Guardrail systems can be used to protect exposed edges and openings. They are sometimes used around covers to further mitigate fall risks from openings or holes in walking-working surfaces.
Most often seen at construction sites, safety nets are installed under elevated work platforms to help prevent falling objects from injuring someone on a lower level. In very limited cases where personal fall protection systems cannot be used, they may also be used for fall arrest.
Safety nets may be utilized in production areas to protect employees who work on lower levels. Employees working in storage areas can use safety nets to help stabilize loads and prevent them from falling or shifting.
Warning Lines and Designated Areas
Depending upon the work being done on an elevated working surface, it may be cumbersome for employees to wear personal fall protection systems – especially if the surface is large and their work never takes them near an unprotected edge. When this is the case, OSHA allows employers to use different methods to keep these workers safe.
Designated areas are portions of an elevated walking-working surface marked with warning lines around their perimeter. Employees in a designated area may work without additional fall protection. The warning line that surrounds a designated area as a barrier must provide an adequate warning of unprotected sides or edges that are beyond the designated area.
Employers may also limit access to areas with fall hazards only to authorized employees. An authorized employee is one who has been trained to work in an area with fall hazards and has been taught about the specific fall hazards present.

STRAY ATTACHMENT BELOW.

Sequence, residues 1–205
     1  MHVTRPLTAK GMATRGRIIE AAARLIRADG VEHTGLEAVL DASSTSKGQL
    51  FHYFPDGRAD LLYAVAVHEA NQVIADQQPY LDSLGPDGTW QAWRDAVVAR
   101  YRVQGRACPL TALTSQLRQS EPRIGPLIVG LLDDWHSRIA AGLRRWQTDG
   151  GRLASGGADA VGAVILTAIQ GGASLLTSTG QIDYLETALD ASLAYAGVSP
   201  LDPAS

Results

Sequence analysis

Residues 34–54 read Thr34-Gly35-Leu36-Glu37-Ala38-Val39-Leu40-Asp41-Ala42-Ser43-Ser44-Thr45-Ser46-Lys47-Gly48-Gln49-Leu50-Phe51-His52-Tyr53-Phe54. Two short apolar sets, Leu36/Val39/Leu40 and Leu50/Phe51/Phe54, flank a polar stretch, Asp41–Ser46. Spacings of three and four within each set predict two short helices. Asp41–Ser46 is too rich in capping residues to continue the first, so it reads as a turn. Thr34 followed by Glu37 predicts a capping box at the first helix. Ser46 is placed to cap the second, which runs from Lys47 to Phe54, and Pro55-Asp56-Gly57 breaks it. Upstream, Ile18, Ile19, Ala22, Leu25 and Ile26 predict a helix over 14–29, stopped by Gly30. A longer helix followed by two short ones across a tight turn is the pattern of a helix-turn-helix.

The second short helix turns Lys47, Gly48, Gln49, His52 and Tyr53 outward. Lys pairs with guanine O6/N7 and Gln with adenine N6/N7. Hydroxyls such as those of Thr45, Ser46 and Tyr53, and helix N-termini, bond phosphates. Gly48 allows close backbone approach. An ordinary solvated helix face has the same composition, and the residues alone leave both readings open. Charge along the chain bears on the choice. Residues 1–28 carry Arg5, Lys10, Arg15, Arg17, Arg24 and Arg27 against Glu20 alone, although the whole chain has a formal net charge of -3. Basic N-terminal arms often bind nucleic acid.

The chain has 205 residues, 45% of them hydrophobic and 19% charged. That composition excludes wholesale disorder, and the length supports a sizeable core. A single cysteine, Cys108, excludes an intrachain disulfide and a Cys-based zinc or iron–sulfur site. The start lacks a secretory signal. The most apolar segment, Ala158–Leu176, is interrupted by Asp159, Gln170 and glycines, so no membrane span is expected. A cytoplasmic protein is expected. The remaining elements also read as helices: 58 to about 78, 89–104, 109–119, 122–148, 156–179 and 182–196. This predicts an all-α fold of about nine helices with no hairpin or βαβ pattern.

Personal Fall Arrest Systems
Sometimes, guardrails, covers and warning lines aren’t practical, or they don’t provide adequate protection for the work being performed. Personal fall arrest systems (PFAS) are personal protective equipment: a last line of defense against a known hazard.
As the name suggests, these systems have more than one component. They consist of at least three devices: an anchorage point, a connector and a body harness. All three must be in place and in good condition to provide adequate protection.
Anchorage points are secure areas where lanyards, ropes and other connecting devices may be attached. These points must be structurally sound and be capable of supporting at least 5,000 pounds per person anchored.
Connectors include lanyards, lifelines and positioning systems that allow employees to move from the anchorage point to the area where they will work. Connectors should not be long enough to allow an employee to go over an unprotected side or edge.
In a fall event, body harnesses help to distribute the weight of the fall over the entire trunk of the body instead of putting all the force on one area. Body harnesses, as well as all other fall protection equipment, must be checked before each use and should be destroyed when they show signs of wear or when they have been involved in a fall event.
It is impossible to eliminate gravity—at least on Earth. But recognizing fall hazards and implementing engineering and administrative controls and using personal protective equipment correctly can defy gravity’s next win.
This article originally appeared in the March 2020 issue of Occupational Health & Safety.